Some have suggested that the universe's current acceleration of its expansion obviates the universe collapsing (and therefore obviates the Omega Point). But as Profs. Lawrence M. Krauss and Michael S. Turner point out in "Geometry and Destiny" (General Relativity and Gravitation, Vol. 31, No. 10 [October 1999], pp. 1453-1459; also at arXiv:astro-ph/9904020, April 1, 1999 ), there is no set of cosmological observations which can tell us whether the universe will expand forever or eventually collapse.

There's a very good reason for that, because that is dependant on the actions of intelligent life. The known laws of physics provide the mechanism for the universe's collapse. As required by the Standard Model, the net baryon number was created in the early universe by baryogenesis via electroweak quantum tunneling. This necessarily forces the Higgs field to be in a vacuum state that is not its absolute vacuum, which is the cause of the positive cosmological constant. But if the baryons in the universe were to be annihilated by the inverse of baryogenesis, again via electroweak quantum tunneling (which is allowed in the Standard Model, as B - L is conserved), then this would force the Higgs field toward its absolute vacuum, cancelling the positive cosmological constant and thereby forcing the universe to collapse. Moreover, this process would provide the ideal form of energy resource and rocket propulsion during the colonization phase of the universe.

Prof. Tipler's above 2005 Reports on Progress in Physics paper also demonstrates that the correct quantum gravity theory has existed since 1962, first discovered by Richard Feynman in that year, and independently discovered by Steven Weinberg and Bryce DeWitt, among others. But because these physicists were looking for equations with a finite number of terms (i.e., derivatives no higher than second order), they abandoned this qualitatively unique quantum gravity theory since in order for it to be consistent it requires an arbitrarily higher number of terms. Further, they didn't realize that this proper theory of quantum gravity is consistent only with a certain set of boundary conditions imposed (which includes the initial Big Bang, and the final Omega Point, cosmological singularities). The equations for this theory of quantum gravity are term-by-term finite, but the same mechanism that forces each term in the series to be finite also forces the entire series to be infinite (i.e., infinities that would otherwise occur in spacetime, consequently destabilizing it, are transferred to the cosmological singularities, thereby preventing the universe from immediately collapsing into nonexistence). As Tipler notes in his 2007 book The Physics of Christianity (pp. 49 and 279), "It is a fundamental mathematical fact that this [infinite series] is the best that we can do. ... This is somewhat analogous to Liouville's theorem in complex analysis, which says that all analytic functions other than constants have singularities either a finite distance from the origin of coordinates or at infinity."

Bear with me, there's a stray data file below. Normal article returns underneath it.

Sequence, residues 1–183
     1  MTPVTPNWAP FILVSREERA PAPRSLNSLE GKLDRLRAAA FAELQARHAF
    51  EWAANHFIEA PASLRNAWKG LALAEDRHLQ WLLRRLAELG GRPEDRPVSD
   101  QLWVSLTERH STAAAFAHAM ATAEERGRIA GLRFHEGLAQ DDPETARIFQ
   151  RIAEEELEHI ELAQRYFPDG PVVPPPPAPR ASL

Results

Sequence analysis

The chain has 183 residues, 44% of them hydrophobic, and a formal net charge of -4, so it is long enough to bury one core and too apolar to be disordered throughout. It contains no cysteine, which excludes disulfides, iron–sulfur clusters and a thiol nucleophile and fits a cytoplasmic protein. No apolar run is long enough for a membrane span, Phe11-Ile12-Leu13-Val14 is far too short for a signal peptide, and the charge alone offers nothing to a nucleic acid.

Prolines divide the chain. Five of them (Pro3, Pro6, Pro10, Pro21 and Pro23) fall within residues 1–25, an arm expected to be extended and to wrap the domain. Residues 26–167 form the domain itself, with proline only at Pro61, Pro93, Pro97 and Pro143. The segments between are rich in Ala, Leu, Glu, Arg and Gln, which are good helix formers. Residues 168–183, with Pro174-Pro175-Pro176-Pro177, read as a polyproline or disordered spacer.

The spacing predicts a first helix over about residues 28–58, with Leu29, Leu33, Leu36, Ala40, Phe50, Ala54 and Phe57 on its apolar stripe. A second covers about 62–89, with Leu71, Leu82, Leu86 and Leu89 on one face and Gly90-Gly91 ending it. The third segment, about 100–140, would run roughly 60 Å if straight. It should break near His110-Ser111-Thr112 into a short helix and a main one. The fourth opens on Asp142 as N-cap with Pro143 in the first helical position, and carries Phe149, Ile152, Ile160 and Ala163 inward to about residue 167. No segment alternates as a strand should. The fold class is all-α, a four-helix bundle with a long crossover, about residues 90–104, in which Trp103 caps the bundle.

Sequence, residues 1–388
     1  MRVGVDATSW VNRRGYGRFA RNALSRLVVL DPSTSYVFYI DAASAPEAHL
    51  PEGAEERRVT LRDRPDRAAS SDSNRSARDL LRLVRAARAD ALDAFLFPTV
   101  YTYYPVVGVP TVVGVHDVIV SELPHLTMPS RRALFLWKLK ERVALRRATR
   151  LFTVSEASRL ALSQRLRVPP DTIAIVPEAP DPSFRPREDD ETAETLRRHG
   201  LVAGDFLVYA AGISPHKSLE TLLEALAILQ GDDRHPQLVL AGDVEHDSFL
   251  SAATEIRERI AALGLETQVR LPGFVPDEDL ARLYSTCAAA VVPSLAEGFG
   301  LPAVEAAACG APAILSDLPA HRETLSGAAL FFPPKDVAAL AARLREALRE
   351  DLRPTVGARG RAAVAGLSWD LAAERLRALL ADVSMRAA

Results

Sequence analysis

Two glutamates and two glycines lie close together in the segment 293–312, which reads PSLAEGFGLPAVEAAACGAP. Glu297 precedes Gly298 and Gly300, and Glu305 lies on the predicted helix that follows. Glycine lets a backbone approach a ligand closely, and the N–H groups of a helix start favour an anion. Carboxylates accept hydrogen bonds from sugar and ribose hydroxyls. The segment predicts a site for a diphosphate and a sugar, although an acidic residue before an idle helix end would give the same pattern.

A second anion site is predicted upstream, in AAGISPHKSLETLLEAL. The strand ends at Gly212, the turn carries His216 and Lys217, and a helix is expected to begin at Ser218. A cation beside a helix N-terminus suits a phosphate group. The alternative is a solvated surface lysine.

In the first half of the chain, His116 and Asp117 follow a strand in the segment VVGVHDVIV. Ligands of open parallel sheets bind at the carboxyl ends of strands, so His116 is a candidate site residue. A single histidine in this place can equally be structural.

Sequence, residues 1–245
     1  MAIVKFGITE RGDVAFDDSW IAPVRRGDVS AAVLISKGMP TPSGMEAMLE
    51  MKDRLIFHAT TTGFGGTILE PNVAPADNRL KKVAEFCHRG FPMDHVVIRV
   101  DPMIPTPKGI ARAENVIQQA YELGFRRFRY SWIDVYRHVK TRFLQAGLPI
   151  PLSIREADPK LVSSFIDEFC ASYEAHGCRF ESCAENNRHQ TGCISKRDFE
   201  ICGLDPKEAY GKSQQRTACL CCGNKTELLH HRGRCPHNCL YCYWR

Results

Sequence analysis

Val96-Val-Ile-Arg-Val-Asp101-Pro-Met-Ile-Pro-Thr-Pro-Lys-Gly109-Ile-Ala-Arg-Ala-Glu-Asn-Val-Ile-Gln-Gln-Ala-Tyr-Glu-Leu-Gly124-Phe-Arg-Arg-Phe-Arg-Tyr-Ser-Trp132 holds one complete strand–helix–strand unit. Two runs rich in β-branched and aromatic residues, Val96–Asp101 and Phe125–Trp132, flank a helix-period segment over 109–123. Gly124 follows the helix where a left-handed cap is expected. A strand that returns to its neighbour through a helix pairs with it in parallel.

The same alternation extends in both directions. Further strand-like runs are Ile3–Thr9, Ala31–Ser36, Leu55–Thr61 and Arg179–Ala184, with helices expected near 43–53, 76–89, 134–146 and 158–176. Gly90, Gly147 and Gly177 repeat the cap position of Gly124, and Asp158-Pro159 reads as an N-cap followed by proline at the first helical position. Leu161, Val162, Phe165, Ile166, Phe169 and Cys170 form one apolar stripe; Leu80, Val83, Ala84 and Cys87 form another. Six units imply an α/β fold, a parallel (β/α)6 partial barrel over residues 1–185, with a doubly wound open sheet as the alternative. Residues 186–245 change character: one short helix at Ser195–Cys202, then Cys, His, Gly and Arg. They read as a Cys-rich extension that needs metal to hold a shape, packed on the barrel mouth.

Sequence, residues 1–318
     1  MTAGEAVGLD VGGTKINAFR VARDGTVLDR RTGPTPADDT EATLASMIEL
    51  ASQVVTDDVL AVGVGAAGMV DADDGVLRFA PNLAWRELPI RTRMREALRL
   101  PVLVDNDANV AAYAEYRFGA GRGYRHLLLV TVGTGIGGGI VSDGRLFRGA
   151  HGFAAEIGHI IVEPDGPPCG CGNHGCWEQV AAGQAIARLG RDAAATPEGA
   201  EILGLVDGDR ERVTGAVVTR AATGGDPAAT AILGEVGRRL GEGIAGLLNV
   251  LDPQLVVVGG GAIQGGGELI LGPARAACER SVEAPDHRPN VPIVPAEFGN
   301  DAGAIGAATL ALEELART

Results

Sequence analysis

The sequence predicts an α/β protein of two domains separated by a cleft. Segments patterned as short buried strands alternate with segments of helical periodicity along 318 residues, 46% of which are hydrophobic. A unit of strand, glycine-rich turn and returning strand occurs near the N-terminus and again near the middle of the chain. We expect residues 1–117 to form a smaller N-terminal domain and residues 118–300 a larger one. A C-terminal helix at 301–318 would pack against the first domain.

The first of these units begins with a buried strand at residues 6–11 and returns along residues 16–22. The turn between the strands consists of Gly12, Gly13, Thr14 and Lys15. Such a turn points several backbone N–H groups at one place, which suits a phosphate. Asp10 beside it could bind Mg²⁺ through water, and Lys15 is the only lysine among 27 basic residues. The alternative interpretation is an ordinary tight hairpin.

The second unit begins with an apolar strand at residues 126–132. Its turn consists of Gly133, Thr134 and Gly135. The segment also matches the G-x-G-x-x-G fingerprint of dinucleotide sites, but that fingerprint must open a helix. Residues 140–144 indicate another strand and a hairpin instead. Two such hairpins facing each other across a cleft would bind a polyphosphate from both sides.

When combined with the Standard Model, the result is the Theory of Everything (TOE) correctly describing and unifying all the forces in physics.